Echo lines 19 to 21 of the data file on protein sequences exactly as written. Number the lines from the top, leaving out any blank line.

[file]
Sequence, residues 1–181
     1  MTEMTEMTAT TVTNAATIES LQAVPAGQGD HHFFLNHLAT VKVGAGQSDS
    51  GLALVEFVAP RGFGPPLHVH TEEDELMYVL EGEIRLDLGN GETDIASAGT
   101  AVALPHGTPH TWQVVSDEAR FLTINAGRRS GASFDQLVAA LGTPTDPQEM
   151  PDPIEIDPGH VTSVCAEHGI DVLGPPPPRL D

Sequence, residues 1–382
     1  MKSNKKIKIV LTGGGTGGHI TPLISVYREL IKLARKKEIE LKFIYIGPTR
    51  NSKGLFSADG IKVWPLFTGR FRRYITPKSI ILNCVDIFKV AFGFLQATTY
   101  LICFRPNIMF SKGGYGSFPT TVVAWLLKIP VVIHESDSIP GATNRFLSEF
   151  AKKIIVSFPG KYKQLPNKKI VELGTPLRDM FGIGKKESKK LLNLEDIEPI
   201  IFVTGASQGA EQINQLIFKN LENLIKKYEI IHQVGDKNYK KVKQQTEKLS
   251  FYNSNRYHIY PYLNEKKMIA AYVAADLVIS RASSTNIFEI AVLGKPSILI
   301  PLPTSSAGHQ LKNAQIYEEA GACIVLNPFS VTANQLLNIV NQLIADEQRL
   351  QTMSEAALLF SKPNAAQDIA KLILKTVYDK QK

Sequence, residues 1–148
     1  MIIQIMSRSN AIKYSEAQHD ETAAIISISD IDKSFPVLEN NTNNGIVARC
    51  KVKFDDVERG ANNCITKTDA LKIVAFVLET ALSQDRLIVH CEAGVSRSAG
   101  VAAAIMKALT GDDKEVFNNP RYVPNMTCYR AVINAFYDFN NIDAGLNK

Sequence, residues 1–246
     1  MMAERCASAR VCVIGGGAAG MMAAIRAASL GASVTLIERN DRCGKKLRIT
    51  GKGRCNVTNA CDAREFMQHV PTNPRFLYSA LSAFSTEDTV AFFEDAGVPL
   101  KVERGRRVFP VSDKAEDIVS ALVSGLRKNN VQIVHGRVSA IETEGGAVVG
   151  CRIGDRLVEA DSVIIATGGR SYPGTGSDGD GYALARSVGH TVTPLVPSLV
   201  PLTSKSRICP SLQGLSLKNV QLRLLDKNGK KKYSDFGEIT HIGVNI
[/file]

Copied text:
Sequence, residues 1–246
     1  MMAERCASAR VCVIGGGAAG MMAAIRAASL GASVTLIERN DRCGKKLRIT
    51  GKGRCNVTNA CDAREFMQHV PTNPRFLYSA LSAFSTEDTV AFFEDAGVPL